The FTX debacle is a tailwind for many crypto naysayers. Senator Elizabeth Warren is trying to push through a bipartisan approach to money laundering in the crypto industry in the US Congress. The legislation serves to better protect the national security of the United States.
Warren is a former Harvard law professor and expert on consumer protection and economic inequality. According to their own statement, their efforts are aimed at creating equal conditions. Crypto companies must be forced to comply with the same rules that apply to banks and traditional businesses. Warren’s new bill, called the Digital Asset Anti-Money Laundering Act, aims to bring the crypto ecosystem into line with the existing anti-money laundering regime in the global financial system.
The legislation would direct the Financial Crimes Enforcement Network (FinCEN) of the Treasury Department to designate digital asset providers (custodians), miners, validators and NFT marketplaces as money service providers. This will in turn extend the responsibilities of the Bank Secrecy Act to the crypto industry, including customer identification (KYC) requirements. FinCEN is also said to keep records, monitor markets and produce reports on digital asset transactions involving “non-hosted” wallets. Financial institutions would be prohibited from interacting with services that mix cryptocurrencies and obscure their origins.
The Ministry of Finance warned earlier this year that ransomware hackers, drug dealers and fraudsters are using digital assets to launder illegal proceeds. In addition, US officials claim that North Korea, Iran, Russia and other countries are using cryptocurrencies to launder money and even circumvent sanctions. However, they could not provide any proof or even an amount.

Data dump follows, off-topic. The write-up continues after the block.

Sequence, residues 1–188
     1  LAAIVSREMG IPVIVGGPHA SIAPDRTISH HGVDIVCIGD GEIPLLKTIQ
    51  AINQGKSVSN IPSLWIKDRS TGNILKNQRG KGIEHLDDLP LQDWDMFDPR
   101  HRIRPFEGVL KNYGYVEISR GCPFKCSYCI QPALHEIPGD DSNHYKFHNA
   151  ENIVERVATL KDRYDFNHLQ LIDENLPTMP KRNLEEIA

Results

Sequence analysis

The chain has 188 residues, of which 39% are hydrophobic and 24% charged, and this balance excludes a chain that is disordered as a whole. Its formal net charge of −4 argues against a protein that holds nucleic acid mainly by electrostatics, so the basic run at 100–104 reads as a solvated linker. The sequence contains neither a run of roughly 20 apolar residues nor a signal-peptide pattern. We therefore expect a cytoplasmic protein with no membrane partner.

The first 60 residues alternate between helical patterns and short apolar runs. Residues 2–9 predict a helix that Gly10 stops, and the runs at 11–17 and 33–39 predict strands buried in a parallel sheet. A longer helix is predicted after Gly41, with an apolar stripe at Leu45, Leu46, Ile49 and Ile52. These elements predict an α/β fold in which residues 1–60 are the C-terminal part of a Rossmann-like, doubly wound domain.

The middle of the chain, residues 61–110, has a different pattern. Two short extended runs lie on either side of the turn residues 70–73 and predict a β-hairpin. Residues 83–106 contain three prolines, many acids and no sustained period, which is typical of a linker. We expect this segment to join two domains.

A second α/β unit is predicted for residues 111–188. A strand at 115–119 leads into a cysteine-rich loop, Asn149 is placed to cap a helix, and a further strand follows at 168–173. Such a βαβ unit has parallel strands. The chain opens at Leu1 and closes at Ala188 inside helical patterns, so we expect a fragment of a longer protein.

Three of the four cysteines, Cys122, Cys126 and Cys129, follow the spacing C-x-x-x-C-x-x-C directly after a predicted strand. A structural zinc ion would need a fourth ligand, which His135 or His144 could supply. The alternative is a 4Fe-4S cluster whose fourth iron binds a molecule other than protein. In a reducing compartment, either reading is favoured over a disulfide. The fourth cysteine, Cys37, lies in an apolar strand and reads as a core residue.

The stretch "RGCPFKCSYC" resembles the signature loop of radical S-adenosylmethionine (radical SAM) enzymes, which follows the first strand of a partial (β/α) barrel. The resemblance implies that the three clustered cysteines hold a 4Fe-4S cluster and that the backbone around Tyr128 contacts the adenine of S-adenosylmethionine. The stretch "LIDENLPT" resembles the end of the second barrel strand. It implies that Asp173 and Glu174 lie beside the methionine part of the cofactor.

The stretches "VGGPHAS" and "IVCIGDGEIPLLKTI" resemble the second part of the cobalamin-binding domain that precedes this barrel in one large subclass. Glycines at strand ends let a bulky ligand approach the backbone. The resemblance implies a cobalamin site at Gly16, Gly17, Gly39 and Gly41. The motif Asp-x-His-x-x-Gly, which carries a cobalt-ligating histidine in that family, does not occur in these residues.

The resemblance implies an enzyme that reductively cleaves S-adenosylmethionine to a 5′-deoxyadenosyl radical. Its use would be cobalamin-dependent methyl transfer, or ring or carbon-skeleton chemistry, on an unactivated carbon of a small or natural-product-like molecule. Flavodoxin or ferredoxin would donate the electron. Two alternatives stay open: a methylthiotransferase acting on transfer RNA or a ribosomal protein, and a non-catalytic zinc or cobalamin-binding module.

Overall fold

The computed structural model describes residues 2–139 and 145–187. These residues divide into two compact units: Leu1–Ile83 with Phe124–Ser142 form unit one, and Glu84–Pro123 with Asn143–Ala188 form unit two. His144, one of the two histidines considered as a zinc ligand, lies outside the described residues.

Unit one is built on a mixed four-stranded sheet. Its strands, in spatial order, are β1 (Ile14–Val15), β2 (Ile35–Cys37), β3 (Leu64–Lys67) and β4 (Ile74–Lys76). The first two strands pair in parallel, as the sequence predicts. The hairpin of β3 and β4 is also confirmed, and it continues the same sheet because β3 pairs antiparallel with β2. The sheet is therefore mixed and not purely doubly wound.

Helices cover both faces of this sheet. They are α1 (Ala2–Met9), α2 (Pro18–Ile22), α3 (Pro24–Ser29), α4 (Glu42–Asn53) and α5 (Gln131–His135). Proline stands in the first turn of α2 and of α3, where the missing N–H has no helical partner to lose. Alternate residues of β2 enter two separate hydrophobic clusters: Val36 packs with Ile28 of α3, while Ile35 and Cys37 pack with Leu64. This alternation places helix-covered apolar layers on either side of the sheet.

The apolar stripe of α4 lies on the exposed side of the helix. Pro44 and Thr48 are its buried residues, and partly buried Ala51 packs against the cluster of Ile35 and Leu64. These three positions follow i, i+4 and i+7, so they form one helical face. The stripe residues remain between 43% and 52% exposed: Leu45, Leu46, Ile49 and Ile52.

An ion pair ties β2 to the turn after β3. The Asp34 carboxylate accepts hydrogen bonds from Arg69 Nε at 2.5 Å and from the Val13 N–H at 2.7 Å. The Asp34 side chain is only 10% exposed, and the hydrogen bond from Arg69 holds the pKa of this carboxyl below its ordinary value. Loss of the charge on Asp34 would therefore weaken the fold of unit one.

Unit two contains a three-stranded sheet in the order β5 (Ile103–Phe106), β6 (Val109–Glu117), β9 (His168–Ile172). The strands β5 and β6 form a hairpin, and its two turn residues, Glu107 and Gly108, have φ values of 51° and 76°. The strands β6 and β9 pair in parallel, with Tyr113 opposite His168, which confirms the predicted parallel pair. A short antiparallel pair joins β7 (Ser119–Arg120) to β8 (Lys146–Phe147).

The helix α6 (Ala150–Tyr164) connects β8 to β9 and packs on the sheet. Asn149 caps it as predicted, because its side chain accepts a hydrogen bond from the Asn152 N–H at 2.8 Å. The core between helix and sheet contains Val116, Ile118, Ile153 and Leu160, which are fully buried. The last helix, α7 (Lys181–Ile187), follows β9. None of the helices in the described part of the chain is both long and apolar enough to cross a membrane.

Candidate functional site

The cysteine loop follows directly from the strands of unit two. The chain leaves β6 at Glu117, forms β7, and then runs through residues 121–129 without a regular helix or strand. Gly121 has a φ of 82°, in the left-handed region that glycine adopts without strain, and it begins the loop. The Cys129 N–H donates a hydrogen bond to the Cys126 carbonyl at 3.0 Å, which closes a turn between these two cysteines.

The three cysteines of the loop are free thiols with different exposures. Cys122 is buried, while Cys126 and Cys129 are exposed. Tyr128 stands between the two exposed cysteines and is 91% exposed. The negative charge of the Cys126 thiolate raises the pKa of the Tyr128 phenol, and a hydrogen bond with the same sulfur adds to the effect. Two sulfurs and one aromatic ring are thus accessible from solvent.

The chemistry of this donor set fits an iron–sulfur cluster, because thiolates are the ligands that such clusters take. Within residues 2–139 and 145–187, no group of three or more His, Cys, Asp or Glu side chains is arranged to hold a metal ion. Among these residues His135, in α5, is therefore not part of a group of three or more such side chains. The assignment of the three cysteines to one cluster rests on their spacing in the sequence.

Republican Roger Marshall continued to swing the terror club, pointing to sensible reforms after the September 11, 2001 terrorist attacks that apparently helped banks keep bad actors out of the U.S. financial market. Applying Elizabeth Warren’s policies to crypto exchanges will prevent digital assets from being misused to finance illegal activities without restricting access for law-abiding US citizens.
threat to national security
Even before the FTX collapse, the Treasury was focused on feared national security risks from relatively unregulated digital currency exchanges. In August, authorities cracked down on Tornado Cash, a virtual currency mixer. The decentralized currency mixer has been accused of laundering more than $7 billion in virtual currencies since 2019.
The Treasury Department said Tornado Cash is attractive to cybercrime launderers, including the Lazarus Group, a North Korean-sponsored hacking group. The company’s appeal to cybercriminals was that it could move digital assets anonymously, obscuring the origin and destination of transactions and hiding the parties involved. The provisions of the new legislation include the following points – none of which, ironically, would have prevented the FTX incident:
- Directs FinCEN to finalize and implement a regulation proposed in 2020 that would require banks and money services firms to verify the identity of customers and counterparties (KYC).
- Prohibiting banks and other financial institutions from using or trading anonymity-enhancing technologies, such as digital asset mixers, and prohibiting banks and other financial institutions from trading in digital assets that have used these technologies.
- Expanding bank secrecy provisions on foreign bank account reporting for digital assets by requiring Americans dealing with offshore accounts in digital assets in excess of $10,000 to file a report with the IRS.
- Instruct regulators to strengthen compliance with the Bank Secrecy Act by establishing a compliance audit process and controlling money service companies.
- Crack down on ATMs with digital assets by ensuring operators and managers submit and update the physical addresses of their kiosks.